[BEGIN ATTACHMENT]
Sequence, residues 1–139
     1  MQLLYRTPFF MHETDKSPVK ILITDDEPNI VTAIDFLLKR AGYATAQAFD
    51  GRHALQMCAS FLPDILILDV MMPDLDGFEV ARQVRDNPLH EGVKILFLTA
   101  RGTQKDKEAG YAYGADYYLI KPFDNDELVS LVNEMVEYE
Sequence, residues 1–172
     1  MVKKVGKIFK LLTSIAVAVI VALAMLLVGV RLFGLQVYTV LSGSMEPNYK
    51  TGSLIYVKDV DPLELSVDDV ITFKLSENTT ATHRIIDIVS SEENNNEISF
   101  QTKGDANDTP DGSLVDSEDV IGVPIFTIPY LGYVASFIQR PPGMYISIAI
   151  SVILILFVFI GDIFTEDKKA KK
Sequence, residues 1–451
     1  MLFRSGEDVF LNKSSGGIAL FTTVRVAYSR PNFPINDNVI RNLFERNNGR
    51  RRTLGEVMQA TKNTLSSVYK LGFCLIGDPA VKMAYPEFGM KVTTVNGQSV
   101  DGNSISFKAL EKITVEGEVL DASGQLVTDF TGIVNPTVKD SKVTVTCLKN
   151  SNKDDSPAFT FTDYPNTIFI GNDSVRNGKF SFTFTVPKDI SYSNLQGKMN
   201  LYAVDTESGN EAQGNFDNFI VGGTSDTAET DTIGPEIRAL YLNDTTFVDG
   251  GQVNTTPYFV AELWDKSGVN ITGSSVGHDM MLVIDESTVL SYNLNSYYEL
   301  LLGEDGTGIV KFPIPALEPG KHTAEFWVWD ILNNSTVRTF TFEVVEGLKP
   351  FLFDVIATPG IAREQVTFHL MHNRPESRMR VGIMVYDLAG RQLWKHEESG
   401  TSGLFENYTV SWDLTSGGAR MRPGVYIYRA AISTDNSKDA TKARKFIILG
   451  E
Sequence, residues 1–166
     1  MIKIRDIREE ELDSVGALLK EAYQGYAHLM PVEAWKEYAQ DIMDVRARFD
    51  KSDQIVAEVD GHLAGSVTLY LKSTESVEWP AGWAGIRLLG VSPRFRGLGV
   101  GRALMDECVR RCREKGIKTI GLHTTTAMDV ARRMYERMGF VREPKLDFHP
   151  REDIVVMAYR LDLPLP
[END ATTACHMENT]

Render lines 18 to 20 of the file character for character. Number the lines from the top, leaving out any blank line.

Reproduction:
   351  FLFDVIATPG IAREQVTFHL MHNRPESRMR VGIMVYDLAG RQLWKHEESG
   401  TSGLFENYTV SWDLTSGGAR MRPGVYIYRA AISTDNSKDA TKARKFIILG
   451  E